Ongoing post-purchase support is required in the event of a technical fault or a usability query. This may be in various formats from ticket logging to a phone number or email address. You may have a dedicated account manager or support team; either way, having a line of communication is essential when working with technology.


Patches and security updates

Security requirements are ever-changing and the product will likely require ongoing improvements to meet the needs of users. This will also include new features to meet legislation updates. Whether free or not, this type of support is essential to ensure your data is secure and compliant.


The cost of payroll software

The amount you pay for a solution varies depending on which you choose, as well as the size and type of your business. This usually relates to the number of employees you pay.

Investing in new payroll software will help you to save money in the long run through increased productivity and efficiency. It’s important to consider that efficient payroll will pay for itself; and settling for the cheapest option can cost you more in the long term.

Below we’ll cover the types of payment you can expect; and again, this is based on the technology you opt for.


Subscription model

Cloud-based payroll software is typically on a pay-per-usage basis where you pay a recurring fee each month to use it. Better options with rich functionality and support usually have a small upfront cost and a nominal amount per employee paid.


Upfront cost

On-premise payroll software usually has a high upfront cost as you’re typically making an investment in purchasing that version of the software application. However, upgrades, support, and implementation usually incur additional fees. This varies by provider, so it’s worth weighing up the options if installed software is more suitable for your business.


Other potential costs to consider:

  • Onboarding / switching fees
  • Technical support
  • Training
  • Cybersecurity (if on-premise software)
  • Version upgrades
  • Technology
  • Team requirements

Learn more about the cost of payroll software in the UK.


How to switch payroll software

While different providers will have slightly varied processes, the below covers a typical roadmap when it comes to switching.


1) Review your existing contract

  • Check for any limitations around notice periods and instructions around giving notice
  • Tell your current payroll provider you plan to switch providers – clarify the termination agreements and any early exit fees

2) Choose your new payroll provider

  • Download our complete guide to choosing payroll software on our website
  • Book demos with several providers to ensure you get a feel for the software. If possible, ask for a trial period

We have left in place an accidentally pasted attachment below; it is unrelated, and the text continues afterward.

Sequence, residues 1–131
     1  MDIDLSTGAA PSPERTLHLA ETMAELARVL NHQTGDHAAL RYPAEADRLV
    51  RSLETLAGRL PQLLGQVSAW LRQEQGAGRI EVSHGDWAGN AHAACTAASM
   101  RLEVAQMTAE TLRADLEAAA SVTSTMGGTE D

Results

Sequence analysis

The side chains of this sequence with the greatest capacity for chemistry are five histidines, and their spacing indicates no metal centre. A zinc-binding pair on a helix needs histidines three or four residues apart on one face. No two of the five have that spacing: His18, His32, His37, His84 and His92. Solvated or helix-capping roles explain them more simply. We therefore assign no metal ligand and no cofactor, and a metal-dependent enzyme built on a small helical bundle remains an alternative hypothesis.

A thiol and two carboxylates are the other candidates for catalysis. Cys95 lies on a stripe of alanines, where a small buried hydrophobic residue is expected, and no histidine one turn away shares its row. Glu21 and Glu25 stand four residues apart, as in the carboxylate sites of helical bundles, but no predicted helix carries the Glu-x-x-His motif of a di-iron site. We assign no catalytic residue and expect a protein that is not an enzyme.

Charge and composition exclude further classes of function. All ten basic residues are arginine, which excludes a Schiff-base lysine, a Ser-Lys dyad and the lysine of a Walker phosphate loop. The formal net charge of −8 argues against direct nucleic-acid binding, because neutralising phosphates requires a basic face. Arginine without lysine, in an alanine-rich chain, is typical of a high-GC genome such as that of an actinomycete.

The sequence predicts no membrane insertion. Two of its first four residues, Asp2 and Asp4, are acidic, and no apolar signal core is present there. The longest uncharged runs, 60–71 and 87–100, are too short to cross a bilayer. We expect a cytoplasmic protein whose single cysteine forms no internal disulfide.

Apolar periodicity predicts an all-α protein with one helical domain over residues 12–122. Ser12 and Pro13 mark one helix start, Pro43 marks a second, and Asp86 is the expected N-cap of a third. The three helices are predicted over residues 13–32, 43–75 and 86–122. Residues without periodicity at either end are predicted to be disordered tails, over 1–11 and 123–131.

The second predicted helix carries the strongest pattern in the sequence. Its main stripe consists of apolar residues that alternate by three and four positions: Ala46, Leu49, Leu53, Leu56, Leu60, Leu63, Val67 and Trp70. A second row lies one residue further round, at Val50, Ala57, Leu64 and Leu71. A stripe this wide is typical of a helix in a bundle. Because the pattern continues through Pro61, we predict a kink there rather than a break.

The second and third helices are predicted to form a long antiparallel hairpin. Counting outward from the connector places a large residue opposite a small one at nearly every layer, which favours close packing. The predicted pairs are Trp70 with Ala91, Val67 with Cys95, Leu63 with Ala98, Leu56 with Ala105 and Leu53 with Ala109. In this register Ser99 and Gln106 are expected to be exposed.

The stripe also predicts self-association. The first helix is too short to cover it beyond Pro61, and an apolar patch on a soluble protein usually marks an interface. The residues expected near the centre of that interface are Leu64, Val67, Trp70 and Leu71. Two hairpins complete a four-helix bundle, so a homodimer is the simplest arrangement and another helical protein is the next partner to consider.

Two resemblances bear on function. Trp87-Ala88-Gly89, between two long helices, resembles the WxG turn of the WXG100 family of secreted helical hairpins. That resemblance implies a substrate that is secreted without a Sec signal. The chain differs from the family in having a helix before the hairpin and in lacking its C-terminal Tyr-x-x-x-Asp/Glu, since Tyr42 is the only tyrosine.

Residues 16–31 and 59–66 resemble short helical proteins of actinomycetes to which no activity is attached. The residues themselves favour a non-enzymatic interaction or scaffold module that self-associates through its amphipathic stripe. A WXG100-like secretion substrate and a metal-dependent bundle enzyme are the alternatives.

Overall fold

• Mutually agree on a suitable start date (subject to contract signature and notice periods)
  • Get clarification on time, costs, and other considerations discussed in this guide

3) Provide notice to your current provider and sign new contract

4) Give your team a heads up on the transition

  • Ensure they are provided with relevant documentation and training to successfully onboard them

5) Follow the new provider’s onboarding scheme

  • Prepare to provide relevant information from your current system – your new provider will guide you through what’s needed
  • Make sure you doublecheck records when all data is transferred. You should have a couple of weeks to get used to the system before going live
  • Practise processing payroll on the test system and confirm the data is as expected (e.g. payroll calculations, payslip layouts), if possible

6) Go-live!


How long does migration take?

Switching payroll solution can depend on various factors, including:

  • Your existing contract terms
  • Your new provider’s availability
  • Your availability to provide data and requested information
  • The complexity of your data
  • The size of your business
  • The time of year you switch

On average, switching to Codapay takes between 4 to 6 weeks from contract signature (depending on data migration and other variables). This includes the receipt of data and integration into the system.

We take the responsibility away from new clients by managing data transfer from start to finish, complying with data protection regulations.

For an accurate timeframe based on your unique needs, you’ll need to speak with the new provider.


Making your final decision

Once you’ve shortlisted some options, it’s time to decide which best suits your needs. The easiest way to get started is to request demos to see how the products work and how they could fit in with your operations. You’ll also have the opportunity to ask any burning questions.

From there, the provider you choose will be able to guide you through the onboarding process. The standard contract term is 12 months, while longer contracts often come with discounted fees.



In this guide, we’ve covered everything you need to consider if you’re looking for new payroll software, as well as some handy resources you can refer to during the process.

It’s essential to choose a solution that’s suitable for your business and its infrastructure, so careful consideration is required. In summary, the key things to consider when you’re looking for a payroll tool include:

  • Cost
  • Usability
  • Functionality
  • Support
  • Security
  • Compliance


Once you’ve settled on an option, it’s easy to get started with the help of the provider.

Good luck!


About Codapay

Our flexible payroll software is designed to meet the unique needs of umbrella companies, recruitment agencies, bureaus, and more. We combine time-saving technology with great customer service, which is why many businesses and choosing to switch to Codapay. Book a demo today!